University of Delaware Drone Program Aids Collision Reconstructionist
With drones gaining more popularity there need for drone collision preparedness increases. Collision reconstruction is an important aspect of drone operations which is being focused upon by several experts in the industry. Collision reconstructionist, Tavis Miller enrolled in the UD PCS Professional Drone Pilot Training Academy to learn how to safely fly a drone and gain a different perspective of the accidents he needs to assess.
In an article titled ‘Drone for Effective Perspective’ author Adam S. Kamras presented Miller’s experiences as a collision reconstructionist who benefitted immensely from being able to view collisions aerially using drones.
Being a collision reconstructionist with a municipal police agency in Delaware, Miller wanted to learn how to fly a drone to get a different perspective of the accidents he needs to assess. Miller felt the overhead view would enable him to analyze the situation from another angle. And in order to earn a Federal Aviation Administration Part 107 remote pilot certificate, which is a legal requirement to fly a drone for commercially, Miller enrolled for drone pilot training courses offered by the University of Delaware’s Division of Professional and Continuing Studies (UD PCS).
“I went in thinking about how I often see kids flying drones and this can be fun to do,” said Miller. “The way they presented it showed me there is a lot more to it than I realized.”
Miller’s first class, Ground School and FAA Part 107 Test Prep, provided comprehensive classroom training and prepared drone pilots for the FAA’s airman knowledge test- passing which is mandatory to earn the FAA Part 107 remote pilot certificate.
Miller then enrolled in Foundations of Flight, which covers the basics of flying small unmanned aircraft systems. Topics range from familiarization with various aircraft and system components, basic flight planning, safe flight deck setup and operations, basic flight manoeuvres, emergency procedures, autonomous flight mode options, multi-aircraft mission design to effective programmatic record keeping. Students receive individual hands-on flight time with a variety of aircraft systems.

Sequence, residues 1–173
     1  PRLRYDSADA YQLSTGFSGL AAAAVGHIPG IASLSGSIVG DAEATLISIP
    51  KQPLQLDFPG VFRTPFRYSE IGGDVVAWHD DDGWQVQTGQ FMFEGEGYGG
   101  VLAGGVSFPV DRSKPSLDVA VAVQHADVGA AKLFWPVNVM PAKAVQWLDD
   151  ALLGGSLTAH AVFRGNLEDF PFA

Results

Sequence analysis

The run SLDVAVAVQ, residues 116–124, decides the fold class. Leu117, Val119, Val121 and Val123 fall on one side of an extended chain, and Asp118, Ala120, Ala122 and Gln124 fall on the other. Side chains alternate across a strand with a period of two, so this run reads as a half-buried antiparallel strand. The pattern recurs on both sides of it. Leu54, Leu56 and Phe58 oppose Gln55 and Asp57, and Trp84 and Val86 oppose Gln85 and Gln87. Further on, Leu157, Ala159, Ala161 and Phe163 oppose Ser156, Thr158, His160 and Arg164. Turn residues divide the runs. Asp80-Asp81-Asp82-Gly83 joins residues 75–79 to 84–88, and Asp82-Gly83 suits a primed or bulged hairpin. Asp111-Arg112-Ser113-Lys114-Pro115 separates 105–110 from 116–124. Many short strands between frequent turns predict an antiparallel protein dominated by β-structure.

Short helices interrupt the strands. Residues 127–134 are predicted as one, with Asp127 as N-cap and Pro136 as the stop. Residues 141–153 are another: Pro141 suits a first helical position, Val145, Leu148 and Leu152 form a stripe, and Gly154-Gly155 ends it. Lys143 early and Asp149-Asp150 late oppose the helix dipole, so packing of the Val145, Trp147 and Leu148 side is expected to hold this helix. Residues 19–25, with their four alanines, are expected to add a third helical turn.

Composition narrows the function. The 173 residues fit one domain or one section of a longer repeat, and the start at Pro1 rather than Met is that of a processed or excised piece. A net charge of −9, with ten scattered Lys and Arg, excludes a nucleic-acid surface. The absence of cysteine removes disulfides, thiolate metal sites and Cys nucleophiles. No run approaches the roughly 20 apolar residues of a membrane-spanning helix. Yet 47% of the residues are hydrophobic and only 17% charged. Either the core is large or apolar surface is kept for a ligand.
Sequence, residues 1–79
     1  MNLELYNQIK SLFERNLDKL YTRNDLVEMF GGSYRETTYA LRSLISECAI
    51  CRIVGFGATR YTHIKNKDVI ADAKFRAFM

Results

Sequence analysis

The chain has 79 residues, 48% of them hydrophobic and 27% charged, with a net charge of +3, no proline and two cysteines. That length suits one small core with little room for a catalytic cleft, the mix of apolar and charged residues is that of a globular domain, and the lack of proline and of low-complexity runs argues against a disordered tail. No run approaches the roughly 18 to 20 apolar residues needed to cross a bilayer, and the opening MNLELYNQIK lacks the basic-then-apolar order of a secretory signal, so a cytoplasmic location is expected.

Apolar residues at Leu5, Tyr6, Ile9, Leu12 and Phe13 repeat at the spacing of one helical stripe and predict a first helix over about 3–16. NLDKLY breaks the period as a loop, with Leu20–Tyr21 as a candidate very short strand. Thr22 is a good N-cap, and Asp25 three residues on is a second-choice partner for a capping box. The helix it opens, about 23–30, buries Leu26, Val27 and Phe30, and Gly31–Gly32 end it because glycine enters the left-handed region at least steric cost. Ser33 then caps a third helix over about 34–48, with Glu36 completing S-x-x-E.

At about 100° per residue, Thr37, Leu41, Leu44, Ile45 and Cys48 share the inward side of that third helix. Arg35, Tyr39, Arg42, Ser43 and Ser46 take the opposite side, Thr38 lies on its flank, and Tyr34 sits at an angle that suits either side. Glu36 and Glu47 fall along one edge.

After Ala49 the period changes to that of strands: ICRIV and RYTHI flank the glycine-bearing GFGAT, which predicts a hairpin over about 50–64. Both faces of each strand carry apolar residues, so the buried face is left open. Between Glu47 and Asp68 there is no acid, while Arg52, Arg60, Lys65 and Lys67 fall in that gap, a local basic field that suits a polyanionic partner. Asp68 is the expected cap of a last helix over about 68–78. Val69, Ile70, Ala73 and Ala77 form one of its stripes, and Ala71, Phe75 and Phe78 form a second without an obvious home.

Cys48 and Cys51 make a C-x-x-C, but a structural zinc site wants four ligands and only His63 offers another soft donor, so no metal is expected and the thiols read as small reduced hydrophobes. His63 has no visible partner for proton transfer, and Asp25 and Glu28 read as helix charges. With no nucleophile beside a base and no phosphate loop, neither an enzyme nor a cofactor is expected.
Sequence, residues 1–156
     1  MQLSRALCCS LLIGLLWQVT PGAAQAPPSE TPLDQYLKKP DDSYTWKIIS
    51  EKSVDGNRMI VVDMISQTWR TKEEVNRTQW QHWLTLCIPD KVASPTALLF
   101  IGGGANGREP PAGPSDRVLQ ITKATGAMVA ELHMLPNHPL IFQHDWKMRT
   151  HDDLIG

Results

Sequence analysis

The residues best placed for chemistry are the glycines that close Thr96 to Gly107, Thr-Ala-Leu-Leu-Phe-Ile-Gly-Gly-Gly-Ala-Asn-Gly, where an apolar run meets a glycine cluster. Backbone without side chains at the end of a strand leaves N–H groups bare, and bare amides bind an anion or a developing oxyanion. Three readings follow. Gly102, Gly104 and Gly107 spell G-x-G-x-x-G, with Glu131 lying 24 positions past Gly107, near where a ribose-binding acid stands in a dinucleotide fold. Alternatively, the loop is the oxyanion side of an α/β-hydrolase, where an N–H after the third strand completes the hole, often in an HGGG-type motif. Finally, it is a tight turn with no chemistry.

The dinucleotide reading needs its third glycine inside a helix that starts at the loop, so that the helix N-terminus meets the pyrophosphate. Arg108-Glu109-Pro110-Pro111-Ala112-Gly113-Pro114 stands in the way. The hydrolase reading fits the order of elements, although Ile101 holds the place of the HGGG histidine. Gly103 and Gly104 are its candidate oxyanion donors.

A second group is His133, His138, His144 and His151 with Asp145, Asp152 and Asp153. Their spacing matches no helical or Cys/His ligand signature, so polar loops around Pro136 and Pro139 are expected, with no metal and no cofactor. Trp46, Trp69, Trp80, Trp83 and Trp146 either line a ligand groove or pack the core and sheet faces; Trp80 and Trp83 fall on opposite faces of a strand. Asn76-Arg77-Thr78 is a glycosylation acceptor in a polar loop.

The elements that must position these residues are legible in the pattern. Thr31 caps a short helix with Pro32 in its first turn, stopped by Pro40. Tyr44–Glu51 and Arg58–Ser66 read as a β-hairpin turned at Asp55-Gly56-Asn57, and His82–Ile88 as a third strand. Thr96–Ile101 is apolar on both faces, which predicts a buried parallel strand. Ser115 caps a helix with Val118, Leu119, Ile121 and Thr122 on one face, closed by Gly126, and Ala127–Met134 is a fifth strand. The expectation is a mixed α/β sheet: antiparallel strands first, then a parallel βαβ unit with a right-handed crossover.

“I am more of a hands-on person than a classroom person,” said Miller. “Even with Ground School and FAA Part 107 Test Prep, there was a lot of class participation, which made it easier to grasp everything as opposed to just lecture and death by PowerPoint.”
The UD PCS Professional Drone Pilot Training Academy provides comprehensive UAS training to novice, intermediate and advanced drone users. In addition to Ground School and FAA Part 107 Test Prep and Foundations of Flight, intermediate and advanced programs are offered through customized on-site training. Sample training topics include Aerial Mapping and Inspection, Aerial Imaging, Matrice M210 Operator Proficiency, D3P™ Drone Program Manager Proficiency Training, and Night Operations and Thermal Imaging.
“Even if you are just going to operate a drone on a recreational level, I recommend the classes,” said Miller. “It’s reassuring when someone not only teaches you how to do something the right way but the safe way as well. If you go through the checklist they taught us, it will make the risk of a flyaway drone pretty much next to nothing.”
Most occupations can benefit from training their drone pilots at such academies, right from first responders, investigators, insurance adjusters, realtors, reporters, filmmakers, producers, photographers, marketers, web designers, engineers, roofers, accident scene investigators, and site to structure inspectors.
For more information about UD’s Professional Drone Pilot Training Academy, visit pcs.udel.edu/drones, email [email protected], or call 302-831-7600.
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